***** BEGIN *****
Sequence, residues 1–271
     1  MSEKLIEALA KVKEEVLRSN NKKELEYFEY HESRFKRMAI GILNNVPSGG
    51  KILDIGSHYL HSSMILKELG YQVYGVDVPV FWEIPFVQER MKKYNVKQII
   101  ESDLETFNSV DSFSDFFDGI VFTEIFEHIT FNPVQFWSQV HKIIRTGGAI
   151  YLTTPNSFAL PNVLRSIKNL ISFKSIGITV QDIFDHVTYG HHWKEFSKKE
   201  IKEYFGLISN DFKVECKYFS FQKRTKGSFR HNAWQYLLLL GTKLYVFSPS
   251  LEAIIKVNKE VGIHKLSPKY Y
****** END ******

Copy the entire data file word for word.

Sequence, residues 1–271
     1  MSEKLIEALA KVKEEVLRSN NKKELEYFEY HESRFKRMAI GILNNVPSGG
    51  KILDIGSHYL HSSMILKELG YQVYGVDVPV FWEIPFVQER MKKYNVKQII
   101  ESDLETFNSV DSFSDFFDGI VFTEIFEHIT FNPVQFWSQV HKIIRTGGAI
   151  YLTTPNSFAL PNVLRSIKNL ISFKSIGITV QDIFDHVTYG HHWKEFSKKE
   201  IKEYFGLISN DFKVECKYFS FQKRTKGSFR HNAWQYLLLL GTKLYVFSPS
   251  LEAIIKVNKE VGIHKLSPKY Y